resolved, that a Governor who like Hutchinson
Chap. XLVII.} 1772. July.
not dependent on the people for support, was not such a Governor as the people had consented to, at the granting of the Charter
; the House
most solemnly protested ‘that the innovation was an im portant change of the Constitution
, and exposed the Province to a despotic administration of Government.’
The inference was unavoidable.
If the principle contained in the Preamble to Townshend
's Revenue Act should be carried out, obedience would no longer be due to the Governor
, and the rightful dependence on England
would be at an end.
Deceived by the want of organized union among the Colonies, Hutchinson
sent word to Hillsborough, that ‘if the nation would arouse and unite in measures to retain the Colonies in subordination, all this new doctrine of independence would be disavowed, and its first inventors be sacrificed to the rage of the people whom they had deluded.’1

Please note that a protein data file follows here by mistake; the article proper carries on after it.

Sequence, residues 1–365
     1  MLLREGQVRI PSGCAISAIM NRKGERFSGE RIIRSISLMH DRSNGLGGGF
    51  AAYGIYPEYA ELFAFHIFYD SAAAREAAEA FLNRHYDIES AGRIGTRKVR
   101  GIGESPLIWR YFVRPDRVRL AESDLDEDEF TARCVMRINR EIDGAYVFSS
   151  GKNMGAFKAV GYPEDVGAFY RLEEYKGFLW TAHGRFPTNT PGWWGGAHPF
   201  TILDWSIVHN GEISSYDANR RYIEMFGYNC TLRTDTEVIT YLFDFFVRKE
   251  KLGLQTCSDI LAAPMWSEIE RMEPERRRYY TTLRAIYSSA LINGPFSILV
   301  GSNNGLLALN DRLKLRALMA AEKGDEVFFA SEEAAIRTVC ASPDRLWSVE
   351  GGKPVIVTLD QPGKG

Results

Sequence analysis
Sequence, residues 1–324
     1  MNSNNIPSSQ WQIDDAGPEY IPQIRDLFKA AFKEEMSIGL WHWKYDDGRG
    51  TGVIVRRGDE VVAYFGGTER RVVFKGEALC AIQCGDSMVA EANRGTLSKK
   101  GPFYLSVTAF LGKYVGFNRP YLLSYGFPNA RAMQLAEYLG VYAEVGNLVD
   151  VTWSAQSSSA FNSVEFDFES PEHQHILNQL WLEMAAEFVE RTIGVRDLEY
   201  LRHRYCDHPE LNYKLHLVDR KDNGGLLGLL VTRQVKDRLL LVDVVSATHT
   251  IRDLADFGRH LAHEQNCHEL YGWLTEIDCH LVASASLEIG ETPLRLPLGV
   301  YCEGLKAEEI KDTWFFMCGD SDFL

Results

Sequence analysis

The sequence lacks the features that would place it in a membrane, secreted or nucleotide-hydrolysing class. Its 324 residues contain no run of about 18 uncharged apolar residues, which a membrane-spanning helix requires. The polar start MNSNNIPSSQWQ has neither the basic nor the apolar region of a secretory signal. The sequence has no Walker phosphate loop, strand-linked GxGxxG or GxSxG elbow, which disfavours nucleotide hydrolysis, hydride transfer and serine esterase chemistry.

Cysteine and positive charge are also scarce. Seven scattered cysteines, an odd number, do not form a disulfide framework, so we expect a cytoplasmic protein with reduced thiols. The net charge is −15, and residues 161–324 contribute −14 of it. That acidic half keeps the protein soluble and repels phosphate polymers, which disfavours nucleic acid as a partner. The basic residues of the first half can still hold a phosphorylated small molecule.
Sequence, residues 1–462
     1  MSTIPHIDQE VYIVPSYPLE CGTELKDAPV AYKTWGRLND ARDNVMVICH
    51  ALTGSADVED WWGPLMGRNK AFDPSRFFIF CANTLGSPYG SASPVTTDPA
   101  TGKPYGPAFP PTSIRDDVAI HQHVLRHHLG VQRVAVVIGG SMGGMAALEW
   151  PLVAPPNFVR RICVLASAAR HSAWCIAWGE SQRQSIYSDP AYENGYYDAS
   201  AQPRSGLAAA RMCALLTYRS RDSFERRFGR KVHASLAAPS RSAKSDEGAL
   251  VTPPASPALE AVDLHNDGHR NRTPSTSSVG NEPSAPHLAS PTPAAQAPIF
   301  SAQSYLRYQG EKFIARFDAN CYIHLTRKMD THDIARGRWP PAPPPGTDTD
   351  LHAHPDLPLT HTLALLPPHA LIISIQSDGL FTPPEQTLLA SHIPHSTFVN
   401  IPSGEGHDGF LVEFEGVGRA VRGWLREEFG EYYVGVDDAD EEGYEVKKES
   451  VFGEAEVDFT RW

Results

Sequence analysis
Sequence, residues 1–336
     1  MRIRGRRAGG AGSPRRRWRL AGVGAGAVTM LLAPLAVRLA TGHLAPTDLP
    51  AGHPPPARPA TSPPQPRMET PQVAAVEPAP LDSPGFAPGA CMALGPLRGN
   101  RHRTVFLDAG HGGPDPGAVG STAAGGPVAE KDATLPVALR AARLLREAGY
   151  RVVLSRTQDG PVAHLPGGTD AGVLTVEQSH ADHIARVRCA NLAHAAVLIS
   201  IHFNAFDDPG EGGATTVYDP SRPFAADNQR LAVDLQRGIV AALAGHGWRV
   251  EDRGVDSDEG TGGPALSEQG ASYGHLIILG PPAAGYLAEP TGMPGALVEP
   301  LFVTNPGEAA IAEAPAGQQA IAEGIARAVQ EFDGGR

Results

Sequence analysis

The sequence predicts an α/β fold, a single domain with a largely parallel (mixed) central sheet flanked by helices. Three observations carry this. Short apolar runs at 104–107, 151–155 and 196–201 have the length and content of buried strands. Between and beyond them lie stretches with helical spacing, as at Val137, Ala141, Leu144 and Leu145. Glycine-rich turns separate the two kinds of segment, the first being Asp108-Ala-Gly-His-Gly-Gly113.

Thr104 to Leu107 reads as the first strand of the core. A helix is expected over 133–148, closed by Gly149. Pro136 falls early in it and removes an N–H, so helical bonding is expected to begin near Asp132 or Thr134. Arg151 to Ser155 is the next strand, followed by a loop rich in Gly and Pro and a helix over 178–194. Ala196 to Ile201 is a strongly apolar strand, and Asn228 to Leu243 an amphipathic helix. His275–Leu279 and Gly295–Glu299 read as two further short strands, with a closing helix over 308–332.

, on his
part, was proceeding with eager haste to carry Townshend
's system into effect; and on the seventh of August, he announced, that the King
, with the ‘entire concurrence of Lord North,2
had made provision for the support of his law servants in the Province of Massachusetts Bay
It was almost a special provision for Hutchinson
It marks the character of the people, that this act, constituting judges, who held their offices at the King